Despite his exotic taste in places, Bowie does not regard himself as a foodie. "Actually, I eat fairly lightly", he says, his reply backed up by his slender frame. "I don't eat much meat, I eat a little poultry, a bit of fish. I will eat anything, though. In the East I throw all my usual habits overboard and if a bit of a nest is put in front of me then I will eat it -- and I'll enjoy it as well!"
When I ask him about his favourite restaurants, his choices reveal a greater appetite for decor and atmosphere rather than menu. "I guess I'm not a foodie like some of my peers. In New York there's a place called Indo-Chine down in SoHo which does a mix `n' match Eastern thing -- some of the food is from Chine, some is Japanese. I like the atmosphere there and the decor which features lots of bamboo. I also like restaurants that are quite unlike anything else. There's one in Nancy in France that was designed by the cabinetmaker Margerele and it's unbelievable! It's a beamed, gothic, art nouveau palace. Just for pure silliness, it's incredible -- the food is so-so but the place itself is magic!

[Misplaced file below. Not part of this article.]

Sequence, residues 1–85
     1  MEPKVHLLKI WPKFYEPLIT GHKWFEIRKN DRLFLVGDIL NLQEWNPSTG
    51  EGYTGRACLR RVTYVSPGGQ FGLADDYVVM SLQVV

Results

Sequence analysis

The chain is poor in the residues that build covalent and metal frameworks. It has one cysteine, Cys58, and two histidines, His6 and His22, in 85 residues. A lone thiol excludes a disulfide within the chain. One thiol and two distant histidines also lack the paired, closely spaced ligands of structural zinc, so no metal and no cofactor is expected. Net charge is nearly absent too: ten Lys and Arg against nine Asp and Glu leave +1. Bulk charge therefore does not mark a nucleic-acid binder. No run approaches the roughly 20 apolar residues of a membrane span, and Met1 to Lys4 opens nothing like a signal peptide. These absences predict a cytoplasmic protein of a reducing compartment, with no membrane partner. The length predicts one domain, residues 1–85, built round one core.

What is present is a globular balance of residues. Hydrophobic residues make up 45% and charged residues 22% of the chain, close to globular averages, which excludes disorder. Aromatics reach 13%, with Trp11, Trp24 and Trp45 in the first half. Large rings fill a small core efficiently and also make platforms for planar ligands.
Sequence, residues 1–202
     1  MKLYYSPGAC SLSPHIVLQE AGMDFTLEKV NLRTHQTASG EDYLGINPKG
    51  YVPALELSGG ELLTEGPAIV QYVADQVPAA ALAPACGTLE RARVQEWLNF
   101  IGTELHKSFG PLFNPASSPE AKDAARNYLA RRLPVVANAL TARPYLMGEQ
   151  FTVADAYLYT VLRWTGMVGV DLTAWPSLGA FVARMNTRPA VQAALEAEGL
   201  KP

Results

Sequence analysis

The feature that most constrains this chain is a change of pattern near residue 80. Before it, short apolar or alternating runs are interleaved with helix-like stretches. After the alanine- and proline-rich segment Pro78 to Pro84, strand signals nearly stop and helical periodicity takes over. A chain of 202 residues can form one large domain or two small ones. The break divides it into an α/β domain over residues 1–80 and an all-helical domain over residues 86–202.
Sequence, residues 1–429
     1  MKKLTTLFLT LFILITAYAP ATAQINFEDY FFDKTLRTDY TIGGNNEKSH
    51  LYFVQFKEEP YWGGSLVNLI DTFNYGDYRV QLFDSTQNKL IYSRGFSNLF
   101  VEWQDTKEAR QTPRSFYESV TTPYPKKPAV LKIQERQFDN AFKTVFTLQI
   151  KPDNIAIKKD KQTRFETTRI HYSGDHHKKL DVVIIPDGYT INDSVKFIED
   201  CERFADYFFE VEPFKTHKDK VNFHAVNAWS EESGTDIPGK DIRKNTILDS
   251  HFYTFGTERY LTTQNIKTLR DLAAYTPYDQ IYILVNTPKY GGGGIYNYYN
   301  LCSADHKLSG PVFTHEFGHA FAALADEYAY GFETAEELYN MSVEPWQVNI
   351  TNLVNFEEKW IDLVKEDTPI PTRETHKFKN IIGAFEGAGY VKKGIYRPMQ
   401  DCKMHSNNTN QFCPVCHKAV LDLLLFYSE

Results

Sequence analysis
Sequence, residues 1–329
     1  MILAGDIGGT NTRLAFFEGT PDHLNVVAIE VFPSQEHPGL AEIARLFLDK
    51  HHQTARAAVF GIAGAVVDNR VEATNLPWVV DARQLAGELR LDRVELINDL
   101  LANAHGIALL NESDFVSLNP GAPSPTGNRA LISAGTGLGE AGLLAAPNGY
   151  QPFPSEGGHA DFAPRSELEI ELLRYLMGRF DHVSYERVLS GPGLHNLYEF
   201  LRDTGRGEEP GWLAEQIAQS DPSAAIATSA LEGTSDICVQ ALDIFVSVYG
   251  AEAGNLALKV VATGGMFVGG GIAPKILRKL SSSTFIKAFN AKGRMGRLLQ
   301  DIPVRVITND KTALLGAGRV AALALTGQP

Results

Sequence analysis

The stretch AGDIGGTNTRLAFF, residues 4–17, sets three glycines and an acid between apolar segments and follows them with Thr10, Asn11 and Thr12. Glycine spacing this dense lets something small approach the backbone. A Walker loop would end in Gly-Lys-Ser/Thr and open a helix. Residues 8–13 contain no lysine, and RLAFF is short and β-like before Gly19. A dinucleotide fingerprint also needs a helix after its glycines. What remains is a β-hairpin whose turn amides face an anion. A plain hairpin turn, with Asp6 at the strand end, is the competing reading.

"There's a restaurant in Berlin that I used to go to a lot when I lived there, called The Exile. It was romantic because there were lots of beatniks, writers and studious painterly types. All the New Expressionists used to hang their paintings on the wall, long before they were really popular, so you'd find the most extraordinary new paintings all over the place."
I wondered finally if the great traveler had a place in his heart for anywhere in his hometown of London? "Ruth Rogers' place the River Cafe is nice -- I have to say that because they are friends of mine", he laughs. "No, really, it's very good food and I always buy her cookbooks!"
And the laugh rings out again from this alleged 50-year-old man. David Bowie reading a cookbook? the man really has fallen to earth; and a very pleasant place he appears to find it too.
(Source: "HIGHLIFE", the magazine of British Airways)